The lifespan of perovskite solar panels might be particularly long thanks to their ability to survive bombardment from proton radiation in space.
Solar panels are popular: they can be placed on a house, car or boat, need nothing more than sunlight to generate energy and are safe to use and operate.
One recent criticism, however, has been their short lifespan. This begs the question, ‘if a solar panel needs to be replaced every 30 years or so, how sustainable is that replacement process, and does this reduce the industry advantage of solar panels in general?'
A recent study from a team of academics including researchers from the School of Physics, The University of Sydney, Australia, suggests that the lifespan of perovskite solar panels in space might be particularly long thanks to their ability to survive or recover from bombardment from proton radiation.
Perovskite panels use a semi-transparent crystalline lead or tin based material to harness radiation with an efficiency of 29.8 per cent - higher than any other solar panel created. These cells seem like a great solution especially as they are cheap to make and simple to use.
The clear roof panels let through light, meanwhile providing shelter from the elements, meanwhile harnessing energy from the sun.
Companies are taking advantage of the semi-transparency of these panels back down here on Earth - notably as roof panels for a wide range of structures including shopping centres and greenhouse fruit farms.
One pilot project is taking place at a farm which is growing raspberries while harnessing energy from solar panels above. This project is a collaboration between Insolight, Romande Energie and Agroscope.
Controlling the light levels is possible, and crops are protected from bad weather, proving that growing vegetables and harnessing energy can be done simultaneously.
Irrigation and nutrient supply can also be controlled to maximise growth, the study, called ‘Agroscope’ has found.
One new reason to be excited about perovskite solar panels is their ability to ‘self heal' in space - or in an environment where there are no gasses.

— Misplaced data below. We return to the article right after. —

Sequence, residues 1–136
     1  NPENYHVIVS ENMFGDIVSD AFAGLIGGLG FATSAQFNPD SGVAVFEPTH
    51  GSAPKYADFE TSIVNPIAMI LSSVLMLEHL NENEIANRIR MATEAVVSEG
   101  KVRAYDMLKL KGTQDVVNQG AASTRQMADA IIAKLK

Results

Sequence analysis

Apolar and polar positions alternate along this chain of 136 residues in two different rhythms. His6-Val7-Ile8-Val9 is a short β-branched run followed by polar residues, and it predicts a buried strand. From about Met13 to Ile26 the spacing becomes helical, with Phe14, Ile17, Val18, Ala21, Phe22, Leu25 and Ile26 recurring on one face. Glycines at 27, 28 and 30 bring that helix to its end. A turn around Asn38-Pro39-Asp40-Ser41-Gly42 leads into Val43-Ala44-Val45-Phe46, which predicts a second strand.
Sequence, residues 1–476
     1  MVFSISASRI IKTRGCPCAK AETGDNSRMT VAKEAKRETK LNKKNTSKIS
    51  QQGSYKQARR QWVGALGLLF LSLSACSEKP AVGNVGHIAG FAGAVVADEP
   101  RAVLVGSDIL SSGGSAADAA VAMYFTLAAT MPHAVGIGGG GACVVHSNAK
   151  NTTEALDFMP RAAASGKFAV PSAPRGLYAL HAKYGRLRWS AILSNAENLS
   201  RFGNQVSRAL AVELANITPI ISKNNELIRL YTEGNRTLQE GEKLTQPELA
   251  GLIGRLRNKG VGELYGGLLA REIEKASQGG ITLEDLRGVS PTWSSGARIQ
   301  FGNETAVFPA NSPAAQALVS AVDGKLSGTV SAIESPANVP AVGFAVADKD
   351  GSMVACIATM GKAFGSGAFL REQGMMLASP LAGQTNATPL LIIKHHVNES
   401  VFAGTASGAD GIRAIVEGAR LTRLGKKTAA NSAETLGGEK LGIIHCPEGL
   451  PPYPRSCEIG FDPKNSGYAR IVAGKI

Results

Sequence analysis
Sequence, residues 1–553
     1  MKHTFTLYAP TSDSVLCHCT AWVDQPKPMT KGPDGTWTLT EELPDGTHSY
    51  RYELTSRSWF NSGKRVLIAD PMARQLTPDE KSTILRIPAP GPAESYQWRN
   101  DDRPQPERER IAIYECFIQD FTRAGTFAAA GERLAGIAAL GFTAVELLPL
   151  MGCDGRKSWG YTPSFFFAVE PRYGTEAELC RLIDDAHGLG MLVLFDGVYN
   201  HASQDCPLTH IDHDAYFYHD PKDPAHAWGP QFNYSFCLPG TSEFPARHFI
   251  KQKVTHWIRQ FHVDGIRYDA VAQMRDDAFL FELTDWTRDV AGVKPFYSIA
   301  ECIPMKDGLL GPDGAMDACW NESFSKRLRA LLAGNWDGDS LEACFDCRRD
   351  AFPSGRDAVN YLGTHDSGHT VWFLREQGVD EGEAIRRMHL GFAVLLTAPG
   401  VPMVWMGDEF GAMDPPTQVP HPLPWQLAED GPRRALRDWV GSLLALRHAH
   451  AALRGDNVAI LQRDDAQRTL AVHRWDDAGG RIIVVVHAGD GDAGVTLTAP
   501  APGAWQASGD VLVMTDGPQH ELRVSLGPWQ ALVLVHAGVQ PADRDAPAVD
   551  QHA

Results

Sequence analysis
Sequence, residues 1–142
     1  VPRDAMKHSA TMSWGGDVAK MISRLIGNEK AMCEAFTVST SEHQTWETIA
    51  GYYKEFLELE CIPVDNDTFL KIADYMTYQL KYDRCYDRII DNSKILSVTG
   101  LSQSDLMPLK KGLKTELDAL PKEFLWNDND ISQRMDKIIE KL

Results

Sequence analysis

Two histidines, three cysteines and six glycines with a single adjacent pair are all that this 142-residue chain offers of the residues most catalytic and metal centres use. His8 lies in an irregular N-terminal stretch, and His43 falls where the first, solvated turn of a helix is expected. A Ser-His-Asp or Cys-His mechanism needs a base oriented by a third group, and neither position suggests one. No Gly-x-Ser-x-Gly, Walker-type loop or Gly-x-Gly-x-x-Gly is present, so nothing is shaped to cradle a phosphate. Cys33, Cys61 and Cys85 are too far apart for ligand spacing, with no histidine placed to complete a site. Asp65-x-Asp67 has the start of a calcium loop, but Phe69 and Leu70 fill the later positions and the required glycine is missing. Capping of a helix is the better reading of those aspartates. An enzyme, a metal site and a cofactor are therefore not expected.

When put into space, proton radiation can cause wear and tear on hardware like solar panels. In order to test how well a material can withstand this radiation, researchers at the University of Sydney constructed a lab simulation of this damage. Ultra-thin solar cell layers were used as test materials.
Within the cell, the hole transport material (HTM) affected how much damage the materials could take and how well they 'healed'.
The HTM allows movement of holes in solar cells, allowing them to stay separated, create an electric potential and produce electricity when the sun’s radiation falls on the cell.
It seems that the material used by the testers for the HTM is healed when heated by the sun’s radiation in a vacuum, meaning the sun’s heat can repair the panel material from proton radiation damage.
A significant drawback with perovskite panels was their use of lead, which can be toxic and difficult to dispose of after use. But there are now viable alternatives to the use of lead in the panels - such as tin.
With these self healing properties, it is likely that these panels can become some of the most useful and efficient solar cells available; their self healing properties a particular advantage for companies wanting to put panels into orbit around the earth to harness the sun's energy on a large scale.
Charlotte Sterland is a performer and a climber of rocks and trees. She co-founded Shear Rock, a sustainable textiles and accessories design company that creates products from wool from around the world.